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Intensification of Ocean Fronts by Down-Front Winds

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  • 1 School of Oceanography, University of Washington, Seattle, Washington
  • | 2 Applied Physics Laboratory, University of Washington, Seattle, Washington
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Abstract

Many ocean fronts experience strong local atmospheric forcing by down-front winds, that is, winds blowing in the direction of the frontal jet. An analytic theory and nonhydrostatic numerical simulations are used to demonstrate the mechanism by which down-front winds lead to frontogenesis. When a wind blows down a front, cross-front advection of density by Ekman flow results in a destabilizing wind-driven buoyancy flux (WDBF) equal to the product of the Ekman transport with the surface lateral buoyancy gradient. Destabilization of the water column results in convection that is localized to the front and that has a buoyancy flux that is scaled by the WDBF. Mixing of buoyancy by convection, and Ekman pumping/suction resulting from the cross-front contrast in vertical vorticity of the frontal jet, drive frontogenetic ageostrophic secondary circulations (ASCs). For mixed layers with negative potential vorticity, the most frontogenetic ASCs select a preferred cross-front width and do not translate with the Ekman transport, but instead remain stationary in space. Frontal intensification occurs within several inertial periods and is faster the stronger the wind stress. Vertical circulation is characterized by subduction on the dense side of the front and upwelling along the frontal interface and scales with the Ekman pumping and convective mixing of buoyancy. Cross-front sections of density, potential vorticity, and velocity at the subpolar front of the Japan/East Sea suggest that frontogenesis by down-front winds was active during cold-air outbreaks and could result in strong vertical circulation.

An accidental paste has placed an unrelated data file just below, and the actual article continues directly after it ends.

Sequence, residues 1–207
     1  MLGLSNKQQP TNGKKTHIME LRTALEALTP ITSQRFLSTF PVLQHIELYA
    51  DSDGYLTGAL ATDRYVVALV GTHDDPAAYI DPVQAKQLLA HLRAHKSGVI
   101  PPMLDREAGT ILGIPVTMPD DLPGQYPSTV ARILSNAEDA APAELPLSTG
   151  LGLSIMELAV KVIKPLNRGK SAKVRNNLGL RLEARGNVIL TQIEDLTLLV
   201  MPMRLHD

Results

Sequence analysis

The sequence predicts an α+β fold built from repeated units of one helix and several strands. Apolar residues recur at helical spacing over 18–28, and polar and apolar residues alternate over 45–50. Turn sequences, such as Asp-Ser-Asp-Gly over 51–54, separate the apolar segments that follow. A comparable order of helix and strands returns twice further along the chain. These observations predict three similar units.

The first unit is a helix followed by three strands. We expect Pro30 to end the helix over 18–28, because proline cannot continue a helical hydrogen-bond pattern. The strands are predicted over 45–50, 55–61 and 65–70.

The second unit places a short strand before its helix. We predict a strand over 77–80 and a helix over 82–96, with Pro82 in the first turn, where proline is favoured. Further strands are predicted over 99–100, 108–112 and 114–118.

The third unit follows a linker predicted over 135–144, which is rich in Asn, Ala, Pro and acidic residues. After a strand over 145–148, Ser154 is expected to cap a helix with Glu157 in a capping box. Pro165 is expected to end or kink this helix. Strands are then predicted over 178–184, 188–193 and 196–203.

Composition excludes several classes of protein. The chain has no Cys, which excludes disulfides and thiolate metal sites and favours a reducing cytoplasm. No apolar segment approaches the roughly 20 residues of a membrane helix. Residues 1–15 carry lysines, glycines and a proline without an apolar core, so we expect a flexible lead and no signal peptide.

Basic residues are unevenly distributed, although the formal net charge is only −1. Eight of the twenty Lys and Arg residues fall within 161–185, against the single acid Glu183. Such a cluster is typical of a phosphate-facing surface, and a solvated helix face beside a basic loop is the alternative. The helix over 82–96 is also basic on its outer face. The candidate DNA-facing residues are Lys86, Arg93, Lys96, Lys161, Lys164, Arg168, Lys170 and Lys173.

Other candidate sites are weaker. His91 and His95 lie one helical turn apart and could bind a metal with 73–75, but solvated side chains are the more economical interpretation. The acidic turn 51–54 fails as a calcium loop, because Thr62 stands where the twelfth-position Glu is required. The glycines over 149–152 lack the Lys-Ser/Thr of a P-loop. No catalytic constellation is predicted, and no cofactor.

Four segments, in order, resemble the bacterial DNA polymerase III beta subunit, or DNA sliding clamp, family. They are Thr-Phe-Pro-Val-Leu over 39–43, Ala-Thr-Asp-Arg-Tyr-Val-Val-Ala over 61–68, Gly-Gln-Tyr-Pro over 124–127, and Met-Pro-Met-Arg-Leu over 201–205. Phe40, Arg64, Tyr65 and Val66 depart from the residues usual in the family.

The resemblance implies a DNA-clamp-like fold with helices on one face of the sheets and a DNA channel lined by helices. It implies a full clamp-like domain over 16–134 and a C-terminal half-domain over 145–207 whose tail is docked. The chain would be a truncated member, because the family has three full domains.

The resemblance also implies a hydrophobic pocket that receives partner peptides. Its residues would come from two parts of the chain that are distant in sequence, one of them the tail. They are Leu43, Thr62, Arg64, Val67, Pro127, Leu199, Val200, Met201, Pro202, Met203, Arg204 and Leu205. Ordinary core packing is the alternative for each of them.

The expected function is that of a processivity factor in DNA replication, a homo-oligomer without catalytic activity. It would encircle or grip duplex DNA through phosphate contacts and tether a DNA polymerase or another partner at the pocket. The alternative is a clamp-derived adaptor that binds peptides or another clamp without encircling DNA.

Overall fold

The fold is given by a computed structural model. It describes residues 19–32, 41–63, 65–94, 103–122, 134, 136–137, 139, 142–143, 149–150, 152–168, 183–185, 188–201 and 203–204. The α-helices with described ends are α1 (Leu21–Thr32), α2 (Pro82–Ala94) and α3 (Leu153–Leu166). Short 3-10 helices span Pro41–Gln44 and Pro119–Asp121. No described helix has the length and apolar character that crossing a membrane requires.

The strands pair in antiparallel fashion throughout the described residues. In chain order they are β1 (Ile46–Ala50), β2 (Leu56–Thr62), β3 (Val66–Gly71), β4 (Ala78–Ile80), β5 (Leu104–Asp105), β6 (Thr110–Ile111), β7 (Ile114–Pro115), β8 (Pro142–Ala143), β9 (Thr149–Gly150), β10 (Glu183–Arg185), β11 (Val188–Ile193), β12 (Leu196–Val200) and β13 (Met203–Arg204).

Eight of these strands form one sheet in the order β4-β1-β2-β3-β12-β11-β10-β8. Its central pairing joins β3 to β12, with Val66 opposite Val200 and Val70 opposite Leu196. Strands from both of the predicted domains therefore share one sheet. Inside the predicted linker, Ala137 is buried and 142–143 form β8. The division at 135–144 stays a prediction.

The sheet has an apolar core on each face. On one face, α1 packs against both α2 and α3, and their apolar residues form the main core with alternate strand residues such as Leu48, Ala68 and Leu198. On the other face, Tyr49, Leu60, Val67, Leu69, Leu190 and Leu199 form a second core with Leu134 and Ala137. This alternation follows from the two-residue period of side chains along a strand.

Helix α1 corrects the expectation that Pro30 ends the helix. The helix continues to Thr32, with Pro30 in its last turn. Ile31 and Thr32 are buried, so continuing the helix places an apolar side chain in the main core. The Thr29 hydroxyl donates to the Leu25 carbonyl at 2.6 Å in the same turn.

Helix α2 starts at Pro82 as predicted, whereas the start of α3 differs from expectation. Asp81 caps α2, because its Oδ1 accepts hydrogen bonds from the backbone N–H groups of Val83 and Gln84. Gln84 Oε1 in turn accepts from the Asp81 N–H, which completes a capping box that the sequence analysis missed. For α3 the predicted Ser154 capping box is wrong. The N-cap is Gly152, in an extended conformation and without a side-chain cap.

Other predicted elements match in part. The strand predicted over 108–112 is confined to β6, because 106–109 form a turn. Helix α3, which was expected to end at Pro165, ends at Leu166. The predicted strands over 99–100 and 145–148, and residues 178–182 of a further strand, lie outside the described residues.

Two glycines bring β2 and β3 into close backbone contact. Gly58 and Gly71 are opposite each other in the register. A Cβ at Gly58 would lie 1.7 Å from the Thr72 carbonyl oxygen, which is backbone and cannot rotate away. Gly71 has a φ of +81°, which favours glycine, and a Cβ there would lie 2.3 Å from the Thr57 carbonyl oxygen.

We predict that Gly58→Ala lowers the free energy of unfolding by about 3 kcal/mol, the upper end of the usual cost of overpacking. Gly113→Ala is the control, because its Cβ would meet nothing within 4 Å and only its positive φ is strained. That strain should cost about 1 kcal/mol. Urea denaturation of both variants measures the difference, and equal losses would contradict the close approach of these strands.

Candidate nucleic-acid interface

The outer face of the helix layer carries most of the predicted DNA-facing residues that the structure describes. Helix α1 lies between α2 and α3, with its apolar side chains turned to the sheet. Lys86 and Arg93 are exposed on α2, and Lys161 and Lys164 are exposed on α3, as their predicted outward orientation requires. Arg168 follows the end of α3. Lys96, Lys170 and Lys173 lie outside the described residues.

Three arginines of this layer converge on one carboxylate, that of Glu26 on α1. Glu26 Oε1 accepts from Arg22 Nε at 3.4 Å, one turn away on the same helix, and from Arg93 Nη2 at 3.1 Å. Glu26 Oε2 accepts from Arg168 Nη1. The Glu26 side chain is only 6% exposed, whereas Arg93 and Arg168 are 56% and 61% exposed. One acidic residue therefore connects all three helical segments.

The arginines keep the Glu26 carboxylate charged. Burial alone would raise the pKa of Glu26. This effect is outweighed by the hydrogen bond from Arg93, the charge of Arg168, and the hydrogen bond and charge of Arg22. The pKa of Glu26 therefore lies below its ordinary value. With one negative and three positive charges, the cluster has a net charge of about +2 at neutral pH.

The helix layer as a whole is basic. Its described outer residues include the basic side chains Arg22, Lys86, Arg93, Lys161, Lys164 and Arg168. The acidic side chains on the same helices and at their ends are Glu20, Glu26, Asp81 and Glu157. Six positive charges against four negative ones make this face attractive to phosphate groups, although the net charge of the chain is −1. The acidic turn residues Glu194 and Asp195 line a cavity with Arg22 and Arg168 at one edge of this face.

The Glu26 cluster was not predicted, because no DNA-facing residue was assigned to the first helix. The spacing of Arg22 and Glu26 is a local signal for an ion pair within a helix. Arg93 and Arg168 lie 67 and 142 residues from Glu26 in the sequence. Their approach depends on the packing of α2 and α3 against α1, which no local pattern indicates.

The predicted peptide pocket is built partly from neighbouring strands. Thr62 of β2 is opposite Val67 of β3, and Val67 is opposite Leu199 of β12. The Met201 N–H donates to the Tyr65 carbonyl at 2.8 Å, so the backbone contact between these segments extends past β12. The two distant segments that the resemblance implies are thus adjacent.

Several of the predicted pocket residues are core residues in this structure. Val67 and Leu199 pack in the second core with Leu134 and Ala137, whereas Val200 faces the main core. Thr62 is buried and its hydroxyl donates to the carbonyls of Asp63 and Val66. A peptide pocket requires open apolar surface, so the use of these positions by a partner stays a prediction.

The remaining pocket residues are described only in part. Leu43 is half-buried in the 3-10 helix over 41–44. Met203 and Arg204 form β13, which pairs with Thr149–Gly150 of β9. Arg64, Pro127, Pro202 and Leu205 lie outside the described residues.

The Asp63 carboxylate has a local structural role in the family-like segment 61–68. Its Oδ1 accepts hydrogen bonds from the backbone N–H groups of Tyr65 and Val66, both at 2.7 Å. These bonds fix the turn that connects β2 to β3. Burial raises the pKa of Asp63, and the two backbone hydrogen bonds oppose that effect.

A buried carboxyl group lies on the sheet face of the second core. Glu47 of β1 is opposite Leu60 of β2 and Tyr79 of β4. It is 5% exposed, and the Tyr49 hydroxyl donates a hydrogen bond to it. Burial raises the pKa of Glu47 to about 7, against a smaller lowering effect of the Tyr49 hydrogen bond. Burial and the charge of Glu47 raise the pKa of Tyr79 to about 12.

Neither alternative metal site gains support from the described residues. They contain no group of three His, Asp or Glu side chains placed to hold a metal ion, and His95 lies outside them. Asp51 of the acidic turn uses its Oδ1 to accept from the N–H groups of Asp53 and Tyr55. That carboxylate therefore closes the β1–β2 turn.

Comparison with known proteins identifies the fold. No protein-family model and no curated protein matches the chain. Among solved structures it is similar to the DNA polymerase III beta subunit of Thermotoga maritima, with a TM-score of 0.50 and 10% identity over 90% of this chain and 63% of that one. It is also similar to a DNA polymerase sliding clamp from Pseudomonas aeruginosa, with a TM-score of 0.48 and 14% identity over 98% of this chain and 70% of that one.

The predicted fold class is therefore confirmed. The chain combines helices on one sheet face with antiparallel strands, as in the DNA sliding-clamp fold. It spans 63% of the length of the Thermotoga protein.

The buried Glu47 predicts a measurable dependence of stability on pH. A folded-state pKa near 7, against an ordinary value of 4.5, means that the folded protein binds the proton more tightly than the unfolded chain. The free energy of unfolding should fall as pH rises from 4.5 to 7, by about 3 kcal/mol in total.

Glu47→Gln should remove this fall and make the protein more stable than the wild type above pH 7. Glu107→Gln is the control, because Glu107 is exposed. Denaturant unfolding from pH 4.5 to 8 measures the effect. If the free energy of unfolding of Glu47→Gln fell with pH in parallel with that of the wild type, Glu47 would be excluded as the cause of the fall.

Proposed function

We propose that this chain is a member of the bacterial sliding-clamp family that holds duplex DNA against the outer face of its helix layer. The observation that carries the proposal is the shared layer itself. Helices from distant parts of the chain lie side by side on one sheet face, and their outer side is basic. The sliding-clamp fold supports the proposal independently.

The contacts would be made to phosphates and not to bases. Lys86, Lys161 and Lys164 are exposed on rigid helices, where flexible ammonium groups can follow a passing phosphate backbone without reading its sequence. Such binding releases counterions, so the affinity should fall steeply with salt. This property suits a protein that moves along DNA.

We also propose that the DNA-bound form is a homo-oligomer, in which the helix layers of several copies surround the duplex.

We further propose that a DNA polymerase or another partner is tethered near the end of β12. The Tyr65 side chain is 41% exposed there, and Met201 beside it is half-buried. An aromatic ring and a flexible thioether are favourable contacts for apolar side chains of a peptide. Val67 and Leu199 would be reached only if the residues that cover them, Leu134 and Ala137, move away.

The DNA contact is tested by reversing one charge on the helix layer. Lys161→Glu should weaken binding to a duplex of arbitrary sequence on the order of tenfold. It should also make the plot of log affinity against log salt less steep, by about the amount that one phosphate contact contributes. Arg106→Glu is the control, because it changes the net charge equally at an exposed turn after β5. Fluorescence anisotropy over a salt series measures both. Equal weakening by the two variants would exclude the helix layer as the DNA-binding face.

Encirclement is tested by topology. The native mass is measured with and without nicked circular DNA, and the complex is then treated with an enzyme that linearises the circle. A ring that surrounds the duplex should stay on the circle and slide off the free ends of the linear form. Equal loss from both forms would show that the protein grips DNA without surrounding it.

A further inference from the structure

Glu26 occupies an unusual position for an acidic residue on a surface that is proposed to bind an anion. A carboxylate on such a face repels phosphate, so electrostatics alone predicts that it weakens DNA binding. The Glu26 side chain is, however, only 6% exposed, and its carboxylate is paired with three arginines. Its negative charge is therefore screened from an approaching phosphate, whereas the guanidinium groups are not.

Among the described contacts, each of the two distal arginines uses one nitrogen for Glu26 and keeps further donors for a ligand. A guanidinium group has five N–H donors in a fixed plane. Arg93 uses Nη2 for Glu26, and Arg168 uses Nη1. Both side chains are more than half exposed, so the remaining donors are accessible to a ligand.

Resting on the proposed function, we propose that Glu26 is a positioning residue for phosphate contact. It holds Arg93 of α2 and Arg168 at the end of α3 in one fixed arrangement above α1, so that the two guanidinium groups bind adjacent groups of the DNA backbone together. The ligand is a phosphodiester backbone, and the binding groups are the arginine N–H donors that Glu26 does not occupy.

Corresponding author address: Leif N. Thomas, School of Oceanography, University of Washington, Box 355351, Seattle, WA 98195-5351. Email: leif@ocean.washington.edu

Abstract

Many ocean fronts experience strong local atmospheric forcing by down-front winds, that is, winds blowing in the direction of the frontal jet. An analytic theory and nonhydrostatic numerical simulations are used to demonstrate the mechanism by which down-front winds lead to frontogenesis. When a wind blows down a front, cross-front advection of density by Ekman flow results in a destabilizing wind-driven buoyancy flux (WDBF) equal to the product of the Ekman transport with the surface lateral buoyancy gradient. Destabilization of the water column results in convection that is localized to the front and that has a buoyancy flux that is scaled by the WDBF. Mixing of buoyancy by convection, and Ekman pumping/suction resulting from the cross-front contrast in vertical vorticity of the frontal jet, drive frontogenetic ageostrophic secondary circulations (ASCs). For mixed layers with negative potential vorticity, the most frontogenetic ASCs select a preferred cross-front width and do not translate with the Ekman transport, but instead remain stationary in space. Frontal intensification occurs within several inertial periods and is faster the stronger the wind stress. Vertical circulation is characterized by subduction on the dense side of the front and upwelling along the frontal interface and scales with the Ekman pumping and convective mixing of buoyancy. Cross-front sections of density, potential vorticity, and velocity at the subpolar front of the Japan/East Sea suggest that frontogenesis by down-front winds was active during cold-air outbreaks and could result in strong vertical circulation.

Corresponding author address: Leif N. Thomas, School of Oceanography, University of Washington, Box 355351, Seattle, WA 98195-5351. Email: leif@ocean.washington.edu

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